8 Reforms of Khrushchev New General Secretary of the Communist Party Took steps to undo some of the worst features of Stalin’s eraLoosened government control of literary worksPut more emphasis on producing consumer goodsAttempted to increase agricultural outputForeign policy failures led him to be voted out of office while he was on vacation in 1964
9 Reforms of Mikhail Gorbachev A new era began in 1985 when he was chosen to lead the Soviet UnionBegan a new era of glasnost, or openness in discussions of the Soviet problemsPerestroika- restructuringMarket economy- limited free enterprise & some private propertySet up elected ParliamentAllowed non-Communist parties to organizeCreated a new state presidencyMarch Gorbachev became the Soviet Union’s first and last President
11 Anti – Apartheid Movement p. 922 By the 1950’s, South African whites (descendents of the Dutch, known as Afrikaners)Result was a system of racial segregation known as apartheid (“apartness”)Blacks demonstrated against the apartheid laws, but the white government brutally repressed the demonstrators69 people were killed in 1960 when police opened fire on a march in Sharpeville (2/3 of those killed were shot in the back)Nelson Mandela, leader of the African National Congress, was arrested in 1962.In 1977, the UN urged nations to enforce sanctions against South Africa until apartheid was lifted.Under apartheid, All citizens were classified by race with their race stamped on their ID.In 1994, South Africa held its first all-race elections
15 Tiananmen Square p. 940Spring 1989, crowds of students, workers & journalists filled Tiananmen Square in Beijing day after day to demonstrate in favor of a democratic government in ChinaSome students waged a hunger strike and others carried posters calling for democracyTo China’s elderly rulers, calls for democracy were a threat to the dominant role that the Communist Party had played in China since 1949June 3, 1989 Chinese Army moved into the squareSoldiers carrying automatic rifles fired into the unarmed crowdsTanks & troops moved in and surrounded the remaining students.At 5:30 in the morning, the mayor of Beijing announces that Tiananmen Square had been handed back to the peopleKilling of unarmed citizens continuedAt least 500 civilians were killed, perhaps as many as 2000The Movement for democracy in China had ended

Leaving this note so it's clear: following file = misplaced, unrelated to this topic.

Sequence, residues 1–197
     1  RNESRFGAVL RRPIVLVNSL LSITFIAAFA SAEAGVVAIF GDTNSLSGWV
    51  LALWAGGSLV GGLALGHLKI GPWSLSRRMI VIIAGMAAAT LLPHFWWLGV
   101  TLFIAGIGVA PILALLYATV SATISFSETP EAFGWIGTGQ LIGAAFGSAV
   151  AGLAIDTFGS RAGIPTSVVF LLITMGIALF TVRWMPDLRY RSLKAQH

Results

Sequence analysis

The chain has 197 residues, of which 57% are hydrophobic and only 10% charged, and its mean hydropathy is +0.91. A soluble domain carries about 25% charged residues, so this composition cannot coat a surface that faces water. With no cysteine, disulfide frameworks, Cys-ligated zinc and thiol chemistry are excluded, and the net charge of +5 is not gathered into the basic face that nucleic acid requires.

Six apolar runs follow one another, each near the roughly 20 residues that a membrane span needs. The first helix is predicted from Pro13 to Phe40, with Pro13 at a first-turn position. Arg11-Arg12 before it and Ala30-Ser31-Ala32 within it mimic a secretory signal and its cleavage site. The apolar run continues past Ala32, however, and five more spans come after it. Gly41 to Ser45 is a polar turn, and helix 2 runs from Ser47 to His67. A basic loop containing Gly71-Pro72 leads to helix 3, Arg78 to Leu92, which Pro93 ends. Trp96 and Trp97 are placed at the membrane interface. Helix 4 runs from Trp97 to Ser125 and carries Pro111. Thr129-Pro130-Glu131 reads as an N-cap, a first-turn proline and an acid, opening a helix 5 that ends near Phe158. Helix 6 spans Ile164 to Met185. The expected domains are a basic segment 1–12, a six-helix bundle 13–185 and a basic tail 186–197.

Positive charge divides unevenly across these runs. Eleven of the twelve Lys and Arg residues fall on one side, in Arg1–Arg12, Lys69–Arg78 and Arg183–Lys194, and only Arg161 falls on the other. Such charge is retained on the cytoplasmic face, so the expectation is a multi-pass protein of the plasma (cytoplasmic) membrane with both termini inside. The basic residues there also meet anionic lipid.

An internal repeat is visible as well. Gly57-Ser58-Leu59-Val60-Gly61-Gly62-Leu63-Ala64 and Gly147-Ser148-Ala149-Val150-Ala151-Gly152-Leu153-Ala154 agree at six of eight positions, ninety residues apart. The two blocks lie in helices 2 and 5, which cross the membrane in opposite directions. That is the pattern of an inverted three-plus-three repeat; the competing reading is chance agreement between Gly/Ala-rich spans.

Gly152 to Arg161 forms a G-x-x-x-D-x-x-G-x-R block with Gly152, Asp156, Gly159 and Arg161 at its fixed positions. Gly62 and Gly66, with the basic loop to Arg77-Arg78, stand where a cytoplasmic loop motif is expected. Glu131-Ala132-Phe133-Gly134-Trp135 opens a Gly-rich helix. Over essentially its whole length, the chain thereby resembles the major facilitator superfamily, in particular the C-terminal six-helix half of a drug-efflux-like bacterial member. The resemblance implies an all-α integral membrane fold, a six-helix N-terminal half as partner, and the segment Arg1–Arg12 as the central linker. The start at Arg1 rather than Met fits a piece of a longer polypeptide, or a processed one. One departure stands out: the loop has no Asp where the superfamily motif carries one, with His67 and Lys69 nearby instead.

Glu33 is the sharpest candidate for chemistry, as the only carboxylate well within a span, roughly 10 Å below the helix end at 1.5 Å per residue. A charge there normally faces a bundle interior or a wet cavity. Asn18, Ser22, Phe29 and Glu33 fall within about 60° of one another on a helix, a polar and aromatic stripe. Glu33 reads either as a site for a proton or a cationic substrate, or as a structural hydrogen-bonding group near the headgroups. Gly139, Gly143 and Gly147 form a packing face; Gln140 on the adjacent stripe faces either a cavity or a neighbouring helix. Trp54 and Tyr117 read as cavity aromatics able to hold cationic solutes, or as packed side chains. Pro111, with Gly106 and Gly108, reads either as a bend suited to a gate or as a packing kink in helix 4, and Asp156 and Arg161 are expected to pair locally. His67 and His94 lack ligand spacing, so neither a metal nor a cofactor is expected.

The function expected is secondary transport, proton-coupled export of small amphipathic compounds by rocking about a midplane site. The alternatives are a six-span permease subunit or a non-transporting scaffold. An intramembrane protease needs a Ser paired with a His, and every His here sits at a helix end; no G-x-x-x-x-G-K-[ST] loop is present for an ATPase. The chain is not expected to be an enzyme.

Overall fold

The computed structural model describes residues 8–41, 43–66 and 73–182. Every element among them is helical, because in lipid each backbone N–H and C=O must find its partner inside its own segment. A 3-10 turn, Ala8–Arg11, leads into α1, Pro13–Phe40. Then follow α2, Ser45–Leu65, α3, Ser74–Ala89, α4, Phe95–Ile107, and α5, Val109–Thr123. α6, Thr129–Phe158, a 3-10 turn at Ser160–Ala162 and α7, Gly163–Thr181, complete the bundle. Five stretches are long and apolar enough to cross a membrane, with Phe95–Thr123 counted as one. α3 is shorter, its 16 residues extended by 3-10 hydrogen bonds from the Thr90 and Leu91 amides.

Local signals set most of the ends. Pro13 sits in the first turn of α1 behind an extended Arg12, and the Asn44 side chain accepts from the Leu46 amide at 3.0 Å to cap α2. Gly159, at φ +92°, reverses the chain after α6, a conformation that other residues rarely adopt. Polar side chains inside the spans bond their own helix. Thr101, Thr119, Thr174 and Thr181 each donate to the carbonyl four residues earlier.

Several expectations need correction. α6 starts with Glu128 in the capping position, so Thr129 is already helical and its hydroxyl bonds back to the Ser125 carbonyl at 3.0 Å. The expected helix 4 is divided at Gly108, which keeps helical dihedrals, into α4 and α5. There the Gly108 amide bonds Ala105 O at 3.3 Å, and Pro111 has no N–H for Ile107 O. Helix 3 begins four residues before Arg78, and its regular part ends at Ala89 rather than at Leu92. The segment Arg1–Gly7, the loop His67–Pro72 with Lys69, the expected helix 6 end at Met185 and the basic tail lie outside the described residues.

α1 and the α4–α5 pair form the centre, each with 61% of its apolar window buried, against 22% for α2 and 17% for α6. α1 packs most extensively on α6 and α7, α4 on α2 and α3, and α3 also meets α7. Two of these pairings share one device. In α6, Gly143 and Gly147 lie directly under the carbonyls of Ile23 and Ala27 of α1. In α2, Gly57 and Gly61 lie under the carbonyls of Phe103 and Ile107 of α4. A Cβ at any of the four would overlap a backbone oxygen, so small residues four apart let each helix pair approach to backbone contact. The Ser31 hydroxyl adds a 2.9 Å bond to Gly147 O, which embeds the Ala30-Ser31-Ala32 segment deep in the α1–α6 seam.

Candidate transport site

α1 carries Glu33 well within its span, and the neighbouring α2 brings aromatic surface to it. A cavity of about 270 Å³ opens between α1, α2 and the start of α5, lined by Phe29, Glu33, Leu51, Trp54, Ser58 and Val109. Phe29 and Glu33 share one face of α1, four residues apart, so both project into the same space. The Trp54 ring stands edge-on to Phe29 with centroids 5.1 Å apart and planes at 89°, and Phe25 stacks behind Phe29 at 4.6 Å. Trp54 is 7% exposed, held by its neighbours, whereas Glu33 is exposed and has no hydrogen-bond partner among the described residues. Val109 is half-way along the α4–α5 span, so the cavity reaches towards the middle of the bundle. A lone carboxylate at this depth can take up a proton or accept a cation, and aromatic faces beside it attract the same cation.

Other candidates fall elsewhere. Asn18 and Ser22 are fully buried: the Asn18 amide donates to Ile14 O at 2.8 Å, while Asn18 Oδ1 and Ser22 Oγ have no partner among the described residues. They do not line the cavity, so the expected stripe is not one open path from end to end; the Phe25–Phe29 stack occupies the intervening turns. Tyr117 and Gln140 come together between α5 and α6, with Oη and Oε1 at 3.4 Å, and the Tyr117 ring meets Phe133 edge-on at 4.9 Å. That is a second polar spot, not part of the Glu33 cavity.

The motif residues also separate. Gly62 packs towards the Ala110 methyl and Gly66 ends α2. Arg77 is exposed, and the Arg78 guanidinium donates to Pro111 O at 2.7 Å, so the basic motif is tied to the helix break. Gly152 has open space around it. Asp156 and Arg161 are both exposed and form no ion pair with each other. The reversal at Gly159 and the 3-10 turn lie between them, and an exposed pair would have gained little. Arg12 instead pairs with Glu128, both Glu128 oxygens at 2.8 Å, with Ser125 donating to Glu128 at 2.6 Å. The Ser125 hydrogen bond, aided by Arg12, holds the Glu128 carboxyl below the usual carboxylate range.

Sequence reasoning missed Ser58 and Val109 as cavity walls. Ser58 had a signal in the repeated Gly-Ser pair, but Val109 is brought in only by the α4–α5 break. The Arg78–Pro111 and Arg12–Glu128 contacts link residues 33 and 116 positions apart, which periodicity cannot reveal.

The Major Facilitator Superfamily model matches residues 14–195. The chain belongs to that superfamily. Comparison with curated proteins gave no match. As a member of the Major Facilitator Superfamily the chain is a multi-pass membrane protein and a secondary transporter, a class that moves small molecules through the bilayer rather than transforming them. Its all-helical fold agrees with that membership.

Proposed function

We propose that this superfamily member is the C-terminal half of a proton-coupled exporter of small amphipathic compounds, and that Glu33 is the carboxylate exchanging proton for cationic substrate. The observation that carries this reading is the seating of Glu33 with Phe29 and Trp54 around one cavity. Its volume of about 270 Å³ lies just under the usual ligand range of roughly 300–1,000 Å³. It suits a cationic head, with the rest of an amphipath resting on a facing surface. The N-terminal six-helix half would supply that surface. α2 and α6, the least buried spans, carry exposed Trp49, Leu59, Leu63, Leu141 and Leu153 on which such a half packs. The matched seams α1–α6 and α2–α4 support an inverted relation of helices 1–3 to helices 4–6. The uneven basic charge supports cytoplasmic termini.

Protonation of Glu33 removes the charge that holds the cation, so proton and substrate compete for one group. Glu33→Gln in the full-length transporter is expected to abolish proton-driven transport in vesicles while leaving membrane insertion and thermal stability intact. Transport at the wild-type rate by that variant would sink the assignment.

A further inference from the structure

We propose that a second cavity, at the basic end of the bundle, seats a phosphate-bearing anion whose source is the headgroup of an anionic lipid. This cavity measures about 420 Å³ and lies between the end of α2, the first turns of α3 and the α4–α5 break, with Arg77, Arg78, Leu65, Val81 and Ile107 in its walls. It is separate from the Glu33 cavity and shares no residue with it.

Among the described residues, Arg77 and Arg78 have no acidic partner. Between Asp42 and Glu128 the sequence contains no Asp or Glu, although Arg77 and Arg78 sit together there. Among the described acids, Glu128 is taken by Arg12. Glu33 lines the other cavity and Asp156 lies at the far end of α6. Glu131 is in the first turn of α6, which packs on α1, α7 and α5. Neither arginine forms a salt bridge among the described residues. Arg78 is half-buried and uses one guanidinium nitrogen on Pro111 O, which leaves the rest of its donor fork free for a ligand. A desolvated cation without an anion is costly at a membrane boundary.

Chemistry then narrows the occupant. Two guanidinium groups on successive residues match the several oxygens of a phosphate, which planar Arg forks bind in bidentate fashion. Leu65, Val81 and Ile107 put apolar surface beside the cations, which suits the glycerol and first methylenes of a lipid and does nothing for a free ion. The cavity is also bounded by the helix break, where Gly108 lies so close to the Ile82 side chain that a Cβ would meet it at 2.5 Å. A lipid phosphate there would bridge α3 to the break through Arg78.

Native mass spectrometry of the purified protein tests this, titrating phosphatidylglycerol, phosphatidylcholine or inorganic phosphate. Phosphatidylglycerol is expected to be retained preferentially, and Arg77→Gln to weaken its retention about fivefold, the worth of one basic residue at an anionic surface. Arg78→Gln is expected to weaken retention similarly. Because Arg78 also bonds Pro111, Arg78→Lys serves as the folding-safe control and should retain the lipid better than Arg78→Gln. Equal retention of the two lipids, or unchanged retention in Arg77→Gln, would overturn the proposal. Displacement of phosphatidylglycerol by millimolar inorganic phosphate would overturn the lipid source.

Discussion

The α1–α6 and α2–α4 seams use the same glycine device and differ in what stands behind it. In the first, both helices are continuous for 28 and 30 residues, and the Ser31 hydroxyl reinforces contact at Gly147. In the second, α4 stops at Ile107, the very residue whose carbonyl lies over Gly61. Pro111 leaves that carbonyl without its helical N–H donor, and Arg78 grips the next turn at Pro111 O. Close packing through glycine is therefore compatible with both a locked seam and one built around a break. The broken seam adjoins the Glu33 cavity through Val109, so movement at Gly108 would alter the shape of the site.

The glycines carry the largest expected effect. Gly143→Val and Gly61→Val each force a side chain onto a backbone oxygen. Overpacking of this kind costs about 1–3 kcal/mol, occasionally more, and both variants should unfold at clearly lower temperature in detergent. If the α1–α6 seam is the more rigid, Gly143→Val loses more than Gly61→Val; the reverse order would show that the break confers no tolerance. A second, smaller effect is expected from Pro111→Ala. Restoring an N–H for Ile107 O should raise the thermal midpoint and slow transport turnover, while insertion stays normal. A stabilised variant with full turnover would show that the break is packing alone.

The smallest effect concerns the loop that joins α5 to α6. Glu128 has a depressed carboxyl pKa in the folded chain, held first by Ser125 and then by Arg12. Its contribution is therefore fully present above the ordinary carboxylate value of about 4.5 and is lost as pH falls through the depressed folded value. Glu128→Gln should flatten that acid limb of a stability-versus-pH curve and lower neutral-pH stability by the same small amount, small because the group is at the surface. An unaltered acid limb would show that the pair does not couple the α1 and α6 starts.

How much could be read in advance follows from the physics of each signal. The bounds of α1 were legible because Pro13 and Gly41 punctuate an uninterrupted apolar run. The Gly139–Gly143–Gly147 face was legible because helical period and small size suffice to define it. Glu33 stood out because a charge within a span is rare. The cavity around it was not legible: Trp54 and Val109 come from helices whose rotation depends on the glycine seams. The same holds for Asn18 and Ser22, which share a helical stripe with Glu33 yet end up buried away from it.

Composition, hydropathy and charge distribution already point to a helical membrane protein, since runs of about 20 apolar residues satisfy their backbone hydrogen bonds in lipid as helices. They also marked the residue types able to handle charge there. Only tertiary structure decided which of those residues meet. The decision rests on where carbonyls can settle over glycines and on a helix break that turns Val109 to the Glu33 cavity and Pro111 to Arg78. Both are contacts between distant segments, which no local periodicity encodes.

16 Fall of the Berlin Wall p. 874 1988- President Ronald Reagan traveled to West BerlinChallenged Mikhail Gorbachev, leader of the Soviet bloc, to tear down this wallEast Germany’s communist leaders refused to remove the wallSummer 1989, thousands of East Germans fled their country while hundreds of thousands took to the streets to demand their resignation of the hard line Communist leaderNovember 9, 1989 a new East German government opened the wall and allowed citizens to travel freely between West and East BerlinNext day, government workers began to knock down the wall. They were soon joined by thousands of West & East Berliners who used sledgehammers and crowbars to rip apart the Cold War symbol.In 1990, West and East Germany became a single nation and Berlin was once again the capital.